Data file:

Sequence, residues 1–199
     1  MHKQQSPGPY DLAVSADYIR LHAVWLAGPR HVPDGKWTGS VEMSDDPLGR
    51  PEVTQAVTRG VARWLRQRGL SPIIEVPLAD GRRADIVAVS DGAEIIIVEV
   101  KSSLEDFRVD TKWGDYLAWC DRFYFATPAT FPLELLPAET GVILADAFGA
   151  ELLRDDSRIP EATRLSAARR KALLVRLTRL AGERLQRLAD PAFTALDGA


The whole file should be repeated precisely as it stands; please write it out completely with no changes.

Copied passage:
Sequence, residues 1–199
     1  MHKQQSPGPY DLAVSADYIR LHAVWLAGPR HVPDGKWTGS VEMSDDPLGR
    51  PEVTQAVTRG VARWLRQRGL SPIIEVPLAD GRRADIVAVS DGAEIIIVEV
   101  KSSLEDFRVD TKWGDYLAWC DRFYFATPAT FPLELLPAET GVILADAFGA
   151  ELLRDDSRIP EATRLSAARR KALLVRLTRL AGERLQRLAD PAFTALDGA